How Judgers Can Effectively Handle Requests for Last Minute Changes at Work

If the final letter of your Myers-Briggs personality type is a J, you are a Judger. You’re a planner, scheduler, and list maker. Your opposite is the Perceiver. They tend to make decisions as they go, and might change their plans at the last minute.

As a Judger, last minute changes can be a real challenge to your balance. They’re also unavoidable. When they happen at work, you’re expected to roll with it and remain productive. That requires some coping skills. Fortunately, there are some strategies to help you handle these situations.

Should an INFJ Accept a Management Position?

You’re principled, organized and driven – so why, as an INFJ, are you not encouraged to pursue leadership roles?

The INFJ’s steady reputation often earns us positions of responsibility such as life coach, counselor, or employee relations officer; but positions of actual authority tend to evade us (or we avoid them). It’s an odd one, and it may have as much to do with the way our culture understands hierarchical structures as it does with our abilities.

My Life as an Introverted Radio Host

It’s early on a Wednesday morning and even though I would like to sleep longer, I have already begun to prepare for the day. I got up long before dawn to prepare for a weekly task that I could never have imagined myself doing during my shy days: hosting a radio talk show at the University of Winnipeg.

Can an ENFJ Succeed in a Non-Leadership Position?

You’re an ENFJ, the well-known “Teacher” personality who fights for the good of your people. Whether it’s at work or in your personal life, you take the wheel when a problem needs to be resolved and have a strong moral compass that gets your passengers safely and successfully where they need to go.

Not only is leading others part of your natural talent, it’s also something that you truly love doing. Leadership roles add to your day-to-day happiness—so much so that for an ENFJ, it might be hard to imagine working a job that doesn’t embrace your natural knack for guiding others.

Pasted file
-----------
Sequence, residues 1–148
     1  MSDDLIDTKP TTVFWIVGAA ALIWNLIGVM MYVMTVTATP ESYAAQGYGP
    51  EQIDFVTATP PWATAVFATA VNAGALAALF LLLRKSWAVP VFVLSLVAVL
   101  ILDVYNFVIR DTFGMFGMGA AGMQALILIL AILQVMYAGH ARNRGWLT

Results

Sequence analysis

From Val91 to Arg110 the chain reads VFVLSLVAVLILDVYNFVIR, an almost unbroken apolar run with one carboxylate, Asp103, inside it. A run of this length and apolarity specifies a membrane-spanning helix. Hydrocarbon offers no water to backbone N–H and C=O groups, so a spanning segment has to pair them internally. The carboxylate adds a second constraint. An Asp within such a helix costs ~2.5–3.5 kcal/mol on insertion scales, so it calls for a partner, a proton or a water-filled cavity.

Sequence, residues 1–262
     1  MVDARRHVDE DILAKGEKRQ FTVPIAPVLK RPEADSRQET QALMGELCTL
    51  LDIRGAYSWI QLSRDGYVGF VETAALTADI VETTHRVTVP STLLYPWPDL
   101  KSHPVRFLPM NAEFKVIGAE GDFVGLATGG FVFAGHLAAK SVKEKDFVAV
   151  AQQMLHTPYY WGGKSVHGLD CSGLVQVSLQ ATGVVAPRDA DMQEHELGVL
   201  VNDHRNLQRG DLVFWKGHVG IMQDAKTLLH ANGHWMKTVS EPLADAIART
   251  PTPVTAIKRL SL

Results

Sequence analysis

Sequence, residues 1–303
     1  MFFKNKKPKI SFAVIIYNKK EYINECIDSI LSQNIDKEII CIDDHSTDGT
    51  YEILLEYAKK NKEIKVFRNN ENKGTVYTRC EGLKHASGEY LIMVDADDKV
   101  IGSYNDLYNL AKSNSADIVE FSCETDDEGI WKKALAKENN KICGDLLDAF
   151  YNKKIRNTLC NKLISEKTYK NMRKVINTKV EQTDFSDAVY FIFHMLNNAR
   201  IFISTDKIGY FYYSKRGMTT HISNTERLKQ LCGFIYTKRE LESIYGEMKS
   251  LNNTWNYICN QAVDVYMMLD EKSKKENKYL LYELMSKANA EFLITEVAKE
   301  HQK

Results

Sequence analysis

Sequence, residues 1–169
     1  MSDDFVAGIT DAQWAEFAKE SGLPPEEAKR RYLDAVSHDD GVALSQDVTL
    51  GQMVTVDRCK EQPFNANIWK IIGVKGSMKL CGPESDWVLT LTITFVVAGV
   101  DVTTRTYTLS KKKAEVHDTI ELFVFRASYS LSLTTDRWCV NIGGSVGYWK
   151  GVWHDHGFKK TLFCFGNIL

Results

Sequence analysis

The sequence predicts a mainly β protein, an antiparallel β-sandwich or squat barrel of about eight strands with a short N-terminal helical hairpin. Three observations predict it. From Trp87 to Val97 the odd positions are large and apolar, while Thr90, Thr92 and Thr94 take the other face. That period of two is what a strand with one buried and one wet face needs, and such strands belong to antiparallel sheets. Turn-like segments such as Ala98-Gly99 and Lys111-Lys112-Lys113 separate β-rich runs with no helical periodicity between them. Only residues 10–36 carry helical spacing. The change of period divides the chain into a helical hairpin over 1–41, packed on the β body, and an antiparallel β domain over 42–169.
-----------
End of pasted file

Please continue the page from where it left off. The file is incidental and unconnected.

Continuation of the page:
Is Work Killing Your Natural Behavioural Style?

Lots of people notice their personalities are a little different at work than at home. You hear people say, “I’m an Extravert for my job, but really I’m an Introvert” or “I’m pretty assertive with friends and family, but I can’t seem to act that way at work.”

If you feel similarly, you’re not necessarily two-faced or insincere. It’s just necessary to change roles when we clock in and out of work. As a result, we draw out personality traits at work that we don’t need at home.

Working 9-to-5 (Not a Way to Make a Living?)

Is it me, or is the world splitting into two tribes of workers?

On the one side, the 9 to 5'ers  salary slaves who have to sell their souls just to keep treading water. On the other, business owners and the self-employed people who work for themselves, from anywhere, and take control of their time. If you had a choice, which would you choose?

Shoulds Introverts Act Extraverted to be Successful?

One of the biggest lies about introversion is that an Introvert, with enough practice, can turn into an Extravert. For a long time, this misconception was supported, even encouraged, by everyone from psychologists to business professionals. Fortunately, we have enough research and information about introversion and extraversion today to know that these are fixed personality traits. An Introvert can’t turn into an Extravert, and shouldn’t feel pressured to do so.

ISFJs at Work - How to Take Off the Invisibility Cloak

Picture Mark. He goes to work every day, does what he’s told without asking questions, helps his co-workers when he’s asked, and generally, does his work behind the scenes never asking to be praised for it. Mark knows when everyone’s birthdays and other special occasions are, and he always remembers to congratulate them. Once, he helped John, who he shares his office with, avoid a serious argument with his wife. Mark remembered their anniversary and reminded John just in time for him to buy his lovely wife a present.

Avoiding Burnout as an ISFJ personality type

Isn’t it strange how the finest qualities of someone’s personality can become their biggest challenge in life? Consider the ISFJ personality type as an example.

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